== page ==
Leisure carrier TUI said on Wednesday that it has agreed to compensation, as well as a new delivery schedule, for its 737 MAXs. The “comprehensive package of measures” worked out with Boeing will significantly reduce TUI’s capital and financing requirements in the coming years.
Agreement in two parts
The deal agreed upon by the two companies consists of two parts. Firstly, they have settled on a payment plan for compensation for the economic losses incurred by TUI as a result of the grounding of Boeing’s 737 MAX. In a statement seen by Simple Flying, Fritz Joussen, CEO of TUI Group, commented,
“We have reached a fair agreement that strengthens our long-standing relationship with Boeing. The agreement provides TUI with compensation for a large part of costs that were incurred due to the grounding of the 737 MAX.”
Secondly, they are in agreement on the deferral of deliveries for the MAXs TUI still has on order. New deliveries will be postponed by an average of two years. TUI now expects to get less than half of its new MAXs over the next two years, with payment schedules adjusted accordingly.
“The new delivery schedule gives us considerable flexibility because we will have fewer new aircraft delivered in the next years. This enables TUI to rapidly adapt its fleet growth to the currently challenging market environment,” Joussen continued.
Welcome cash injection
The compensation will come as a welcome cash injection for the struggling leisure travel group. Earlier this month, it announced it would be cutting, or not recruiting, around 8,000 staff.
TUI said that the financial details of the agreement would remain confidential, but that it covers a significant portion of the economic impact suffered as a result of the aircraft’s grounding.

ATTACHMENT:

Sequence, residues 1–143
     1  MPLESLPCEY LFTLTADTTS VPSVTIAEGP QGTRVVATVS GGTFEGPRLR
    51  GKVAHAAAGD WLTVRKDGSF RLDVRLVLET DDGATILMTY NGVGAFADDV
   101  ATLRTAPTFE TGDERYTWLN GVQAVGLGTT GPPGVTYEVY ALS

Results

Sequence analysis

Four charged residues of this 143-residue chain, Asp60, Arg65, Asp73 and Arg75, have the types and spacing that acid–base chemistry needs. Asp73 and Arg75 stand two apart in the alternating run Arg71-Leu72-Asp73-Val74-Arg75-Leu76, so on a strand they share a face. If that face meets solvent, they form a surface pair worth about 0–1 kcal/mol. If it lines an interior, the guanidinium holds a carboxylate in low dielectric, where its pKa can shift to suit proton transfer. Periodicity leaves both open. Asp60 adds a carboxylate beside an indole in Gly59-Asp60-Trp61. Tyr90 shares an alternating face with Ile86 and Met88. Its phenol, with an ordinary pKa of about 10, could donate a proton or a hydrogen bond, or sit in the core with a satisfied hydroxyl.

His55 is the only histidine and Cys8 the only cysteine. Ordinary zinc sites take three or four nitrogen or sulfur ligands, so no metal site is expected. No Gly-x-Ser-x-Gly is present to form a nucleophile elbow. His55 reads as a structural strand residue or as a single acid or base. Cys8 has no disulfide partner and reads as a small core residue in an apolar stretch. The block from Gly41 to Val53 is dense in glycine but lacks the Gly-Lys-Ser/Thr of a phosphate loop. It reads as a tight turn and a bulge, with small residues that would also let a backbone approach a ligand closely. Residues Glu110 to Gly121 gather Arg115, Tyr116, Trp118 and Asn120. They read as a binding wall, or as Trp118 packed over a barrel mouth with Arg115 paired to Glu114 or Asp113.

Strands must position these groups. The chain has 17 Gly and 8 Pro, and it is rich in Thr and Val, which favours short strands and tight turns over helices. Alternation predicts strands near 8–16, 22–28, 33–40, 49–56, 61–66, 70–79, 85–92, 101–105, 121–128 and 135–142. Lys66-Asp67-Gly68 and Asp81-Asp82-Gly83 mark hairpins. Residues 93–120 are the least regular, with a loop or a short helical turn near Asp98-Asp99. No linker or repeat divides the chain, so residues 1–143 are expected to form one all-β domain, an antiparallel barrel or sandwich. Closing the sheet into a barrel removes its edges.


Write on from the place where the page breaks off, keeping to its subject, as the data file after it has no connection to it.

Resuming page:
15 in the fleet at the time of grounding
When the 737 MAX was grounded in March 2019 following two lethal accidents, the TUI Group had 15 of the model in its fleet. Furthermore, it had another eight scheduled for delivery in 2019. In total, the order placed by the carrier back in 2013 was for 60 of the aircraft.
Meanwhile, the agreement also entails credit for future aircraft orders. Although, TUI has plans to reduce the size of its fleet across all of its European airlines as a result of the present crisis. New orders may have to wait for Boeing from one of its largest European 737 customers.
A complicated relationship
TUI has a complicated relationship with the Boeing 737 MAX. Not that any airline would be particularly pleased with the way things have turned out, but TUI even refuses to say its name. At least for internal purposes, the plane is referred to as the 737-8.
However, the company has promised that it will call it MAX officially and that customers will be fully aware of what model they are flying. Some may feel that once it is re-certified, it will be the safest plane in the sky. Others may have reservations. Time will tell.